When the Hernando De Soto (I-40) Bridge closed back in the summer, traffic built up on the older Memphis & Arkansas (I-55) bridge, and there were safety concerns of that bridge as well. Memphis easily needs new bridges and soon, especially when the next crossings are dozens if not near a hundred miles away. Extending the Outer Loop for Memphis into Arkansas could solve this by requiring another 2 bridges (eventually).
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Re: Sam Cooper Boulevard Through Memphis
« Reply #36 on: December 29, 2021, 11:57:37 AM »

One other problem with Memphis and its 2 outdated Mississippi River bridge crossings is the next nearest crossings North and South of Memphis are pretty far away. The I-155 crossing (the Caruthersville Bridge) is over 70 miles up river from I-40. The US-49 Helena Bridge is over 50 miles South of I-55.

Baton Rouge has the old I-10 and I-110 bridges in town. But the newer John James Audubon Bridge (LA-10) isn't very far North. The Sunshine Bridge (LA-70) isn't too far to the South.

And the issue with I-155 is that it's right next to where the last "big one" happened, so it's unlikely that it would be usable in the event of another 8+ magnitude quake.  For that matter, anything that big probably has widespread impacts on I-57, I-55, I-69, I-24, I-40, various US highway bridges around Cairo, some dams in the Lake City, KY area, etc. as well as impacts in the Memphis/AR/MS areas.  I don't know that it's possible to mitigate the infrastructure of a depressed part of the country well enough to prevent widespread travel issues, not to mention the likely lack of fuel, food, and other services that anyone transiting would require as well.  However, a loop around Memphis (particularly a southern bypass connecting I-269/I-22) would make for a better flow around a city I generally dread going through.  It's bad enough that I sometimes choose to go through Pine Bluff, Lake Village, and Tallulah, LA instead for beach vacations to AL/FL.  And no one takes that route for the scenery.
Hear hear!
As to why (other than money and whatnot) Memphis has only 2 river bridges to this day is anyone's guess. But getting back to route from roughly central AR to beach cities in MS, AL, FL, I also dread the drive through Memphis. Since I-269 opened up, I now stay away from Lamar (US 78) and instead take I-55 south out from Memphis and then go east on I-269 and on to I-22 to Birmingham; I-65 and then US 231 to I-10 or further down to Panama City Beach.
About Sam Cooper Blvd, I would just say keep it as is.
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Plutonic Panda

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Re: Sam Cooper Boulevard Through Memphis
« Reply #37 on: December 29, 2021, 11:59:43 AM »

About Sam Cooper Blvd, I would just say keep it as is.
A tunnel to connect to the western section part of I-40 wouldn’t upset me. ;)
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The Ghostbuster

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Re: Sam Cooper Boulevard Through Memphis
« Reply #38 on: December 29, 2021, 02:28:04 PM »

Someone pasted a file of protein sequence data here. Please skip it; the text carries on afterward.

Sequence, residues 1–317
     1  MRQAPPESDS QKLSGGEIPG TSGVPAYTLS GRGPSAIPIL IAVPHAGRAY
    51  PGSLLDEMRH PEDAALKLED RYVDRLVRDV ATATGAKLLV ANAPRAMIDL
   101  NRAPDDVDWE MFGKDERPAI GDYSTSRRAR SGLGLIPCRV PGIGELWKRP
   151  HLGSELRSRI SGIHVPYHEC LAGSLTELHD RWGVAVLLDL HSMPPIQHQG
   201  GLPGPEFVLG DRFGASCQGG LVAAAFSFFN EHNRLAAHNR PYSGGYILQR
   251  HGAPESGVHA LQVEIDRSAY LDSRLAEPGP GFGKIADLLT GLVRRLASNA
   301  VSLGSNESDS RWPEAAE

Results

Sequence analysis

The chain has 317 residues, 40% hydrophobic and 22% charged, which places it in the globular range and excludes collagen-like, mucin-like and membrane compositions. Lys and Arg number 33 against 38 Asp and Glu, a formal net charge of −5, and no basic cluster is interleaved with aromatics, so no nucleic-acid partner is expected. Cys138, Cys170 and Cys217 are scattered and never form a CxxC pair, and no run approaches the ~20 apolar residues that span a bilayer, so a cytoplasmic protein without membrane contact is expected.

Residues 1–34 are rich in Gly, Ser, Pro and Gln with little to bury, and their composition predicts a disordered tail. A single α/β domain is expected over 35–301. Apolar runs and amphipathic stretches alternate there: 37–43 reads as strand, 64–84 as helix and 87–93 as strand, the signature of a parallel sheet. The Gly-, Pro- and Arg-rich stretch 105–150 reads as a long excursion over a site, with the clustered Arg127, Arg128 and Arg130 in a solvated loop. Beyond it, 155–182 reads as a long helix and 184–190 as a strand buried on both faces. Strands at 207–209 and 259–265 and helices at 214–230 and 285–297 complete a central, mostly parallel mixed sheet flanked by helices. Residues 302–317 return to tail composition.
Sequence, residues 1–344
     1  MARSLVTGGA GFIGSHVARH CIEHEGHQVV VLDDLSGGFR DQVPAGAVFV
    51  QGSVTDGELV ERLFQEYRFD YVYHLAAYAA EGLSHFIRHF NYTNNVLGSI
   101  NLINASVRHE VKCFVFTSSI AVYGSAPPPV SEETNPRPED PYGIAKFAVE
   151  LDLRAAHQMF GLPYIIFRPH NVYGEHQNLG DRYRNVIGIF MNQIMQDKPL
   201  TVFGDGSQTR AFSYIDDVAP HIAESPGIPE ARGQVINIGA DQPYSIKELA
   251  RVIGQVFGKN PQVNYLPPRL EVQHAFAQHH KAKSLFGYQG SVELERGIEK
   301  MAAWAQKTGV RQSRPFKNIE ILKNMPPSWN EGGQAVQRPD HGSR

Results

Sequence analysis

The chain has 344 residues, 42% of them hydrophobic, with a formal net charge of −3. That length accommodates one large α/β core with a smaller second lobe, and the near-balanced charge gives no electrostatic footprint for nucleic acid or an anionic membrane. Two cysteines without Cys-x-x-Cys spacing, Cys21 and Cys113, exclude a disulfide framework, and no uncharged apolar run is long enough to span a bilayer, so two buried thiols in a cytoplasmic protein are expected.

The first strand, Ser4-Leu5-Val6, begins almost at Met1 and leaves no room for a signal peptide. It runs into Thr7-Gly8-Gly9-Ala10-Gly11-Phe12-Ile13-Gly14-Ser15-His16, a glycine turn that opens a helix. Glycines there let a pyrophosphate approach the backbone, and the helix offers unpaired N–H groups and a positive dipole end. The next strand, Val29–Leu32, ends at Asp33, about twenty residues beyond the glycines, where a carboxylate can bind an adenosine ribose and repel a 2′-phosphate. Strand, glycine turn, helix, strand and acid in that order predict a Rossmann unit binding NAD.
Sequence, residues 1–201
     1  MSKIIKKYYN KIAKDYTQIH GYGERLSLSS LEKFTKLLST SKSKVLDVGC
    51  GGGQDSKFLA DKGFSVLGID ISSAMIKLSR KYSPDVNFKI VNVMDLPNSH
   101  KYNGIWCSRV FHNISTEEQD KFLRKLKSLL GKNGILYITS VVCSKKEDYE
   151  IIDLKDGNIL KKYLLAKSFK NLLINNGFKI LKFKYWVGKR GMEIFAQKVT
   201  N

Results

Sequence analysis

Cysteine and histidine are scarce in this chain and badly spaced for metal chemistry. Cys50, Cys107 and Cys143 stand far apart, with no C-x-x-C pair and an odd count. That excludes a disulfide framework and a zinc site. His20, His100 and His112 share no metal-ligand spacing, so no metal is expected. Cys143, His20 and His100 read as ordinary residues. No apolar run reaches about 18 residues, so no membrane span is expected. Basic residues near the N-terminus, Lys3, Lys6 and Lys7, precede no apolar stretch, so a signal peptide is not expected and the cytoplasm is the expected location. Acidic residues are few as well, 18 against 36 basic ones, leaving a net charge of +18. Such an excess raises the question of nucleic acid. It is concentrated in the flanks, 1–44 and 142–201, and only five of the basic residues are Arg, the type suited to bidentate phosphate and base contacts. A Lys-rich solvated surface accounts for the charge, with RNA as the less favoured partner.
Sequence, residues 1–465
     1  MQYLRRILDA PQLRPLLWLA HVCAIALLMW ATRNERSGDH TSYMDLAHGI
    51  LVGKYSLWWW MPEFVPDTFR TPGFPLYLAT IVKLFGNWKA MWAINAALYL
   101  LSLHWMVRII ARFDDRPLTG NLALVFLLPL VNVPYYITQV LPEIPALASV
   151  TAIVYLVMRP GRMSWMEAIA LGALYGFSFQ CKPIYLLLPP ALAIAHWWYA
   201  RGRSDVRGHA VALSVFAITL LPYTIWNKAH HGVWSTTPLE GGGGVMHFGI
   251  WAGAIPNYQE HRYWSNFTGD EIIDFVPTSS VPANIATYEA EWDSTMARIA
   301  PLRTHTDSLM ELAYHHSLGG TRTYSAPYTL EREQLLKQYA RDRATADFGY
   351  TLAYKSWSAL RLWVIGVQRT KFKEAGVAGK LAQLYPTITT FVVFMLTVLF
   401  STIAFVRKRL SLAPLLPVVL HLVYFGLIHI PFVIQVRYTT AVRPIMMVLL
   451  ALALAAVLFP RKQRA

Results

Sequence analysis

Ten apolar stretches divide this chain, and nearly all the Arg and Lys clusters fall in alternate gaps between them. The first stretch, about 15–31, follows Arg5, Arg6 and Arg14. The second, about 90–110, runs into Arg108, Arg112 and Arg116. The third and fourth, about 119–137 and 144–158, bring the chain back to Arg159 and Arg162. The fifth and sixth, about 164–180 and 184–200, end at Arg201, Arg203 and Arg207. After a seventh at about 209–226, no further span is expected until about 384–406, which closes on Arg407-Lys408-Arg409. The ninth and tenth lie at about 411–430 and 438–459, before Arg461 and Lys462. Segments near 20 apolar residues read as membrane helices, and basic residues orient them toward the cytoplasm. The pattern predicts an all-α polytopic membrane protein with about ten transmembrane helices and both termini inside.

While a tunnel under Overton Park would have been nice, it is never going to happen. Sam Cooper Boulevard will likely remain as-is for the rest of eternity.
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Bobby5280

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Re: Sam Cooper Boulevard Through Memphis
« Reply #39 on: December 29, 2021, 02:48:32 PM »

A 2 mile long tunnel from the I-40/I-240/I-49 interchange, under Crosstown and Overton Park, to Sam Cooper Blvd would cost at least a couple or so billion dollars. For the first 1.5 miles of Sam Cooper Blvd going East from the park the road is an at-grade boulevard before finally turning into a freeway. And the freeway itself is not entirely up to Interstate standards.
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US71

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Re: Sam Cooper Boulevard Through Memphis
« Reply #40 on: December 29, 2021, 02:52:27 PM »

While a tunnel under Overton Park would have been nice, it is never going to happen. Sam Cooper Boulevard will likely remain as-is for the rest of eternity.

Only if a benevolent overlord wishes it so. ;)
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Plutonic Panda

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Re: Sam Cooper Boulevard Through Memphis
« Reply #41 on: December 29, 2021, 03:42:47 PM »

Memphis definitely has more pressing needs that’s for sure.
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rlb2024

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Re: Sam Cooper Boulevard Through Memphis
« Reply #42 on: December 29, 2021, 05:44:36 PM »

About Sam Cooper Blvd, I would just say keep it as is.
A tunnel to connect to the western section part of I-40 wouldn’t upset me. ;)
That was actually looked into back in the 70s.  It was deemed impractical for a number of reasons (money, exhaust fumes being dumped into the zoo, money, hard to build, money, etc.).
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Plutonic Panda

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Re: Sam Cooper Boulevard Through Memphis
« Reply #43 on: December 30, 2021, 12:14:54 AM »

About Sam Cooper Blvd, I would just say keep it as is.
A tunnel to connect to the western section part of I-40 wouldn’t upset me. ;)
That was actually looked into back in the 70s.  It was deemed impractical for a number of reasons (money, exhaust fumes being dumped into the zoo, money, hard to build, money, etc.).
Well to be fair they could dump the exhaust fumes elsewhere but alas that would require more money which is the main reason it isn’t and likely won’t be built any time soon if ever.
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rlb2024

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Re: Sam Cooper Boulevard Through Memphis
« Reply #44 on: January 10, 2022, 01:02:57 PM »